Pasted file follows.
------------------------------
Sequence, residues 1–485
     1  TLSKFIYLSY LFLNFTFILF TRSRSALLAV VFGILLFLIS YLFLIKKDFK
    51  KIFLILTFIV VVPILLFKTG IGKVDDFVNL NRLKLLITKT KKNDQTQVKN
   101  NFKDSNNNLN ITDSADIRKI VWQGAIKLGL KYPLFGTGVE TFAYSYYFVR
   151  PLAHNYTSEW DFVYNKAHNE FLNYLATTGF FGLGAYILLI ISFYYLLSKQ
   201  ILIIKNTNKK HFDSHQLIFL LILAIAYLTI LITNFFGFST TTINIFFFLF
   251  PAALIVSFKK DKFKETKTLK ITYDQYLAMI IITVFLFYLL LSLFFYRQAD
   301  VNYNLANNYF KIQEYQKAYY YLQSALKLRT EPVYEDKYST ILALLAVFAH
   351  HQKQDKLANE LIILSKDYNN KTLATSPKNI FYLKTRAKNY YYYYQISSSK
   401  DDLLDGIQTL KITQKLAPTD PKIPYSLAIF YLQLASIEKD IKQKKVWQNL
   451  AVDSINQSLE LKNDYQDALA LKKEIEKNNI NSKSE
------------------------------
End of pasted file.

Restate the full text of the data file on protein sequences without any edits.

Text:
Sequence, residues 1–485
     1  TLSKFIYLSY LFLNFTFILF TRSRSALLAV VFGILLFLIS YLFLIKKDFK
    51  KIFLILTFIV VVPILLFKTG IGKVDDFVNL NRLKLLITKT KKNDQTQVKN
   101  NFKDSNNNLN ITDSADIRKI VWQGAIKLGL KYPLFGTGVE TFAYSYYFVR
   151  PLAHNYTSEW DFVYNKAHNE FLNYLATTGF FGLGAYILLI ISFYYLLSKQ
   201  ILIIKNTNKK HFDSHQLIFL LILAIAYLTI LITNFFGFST TTINIFFFLF
   251  PAALIVSFKK DKFKETKTLK ITYDQYLAMI IITVFLFYLL LSLFFYRQAD
   301  VNYNLANNYF KIQEYQKAYY YLQSALKLRT EPVYEDKYST ILALLAVFAH
   351  HQKQDKLANE LIILSKDYNN KTLATSPKNI FYLKTRAKNY YYYYQISSSK
   401  DDLLDGIQTL KITQKLAPTD PKIPYSLAIF YLQLASIEKD IKQKKVWQNL
   451  AVDSINQSLE LKNDYQDALA LKKEIEKNNI NSKSE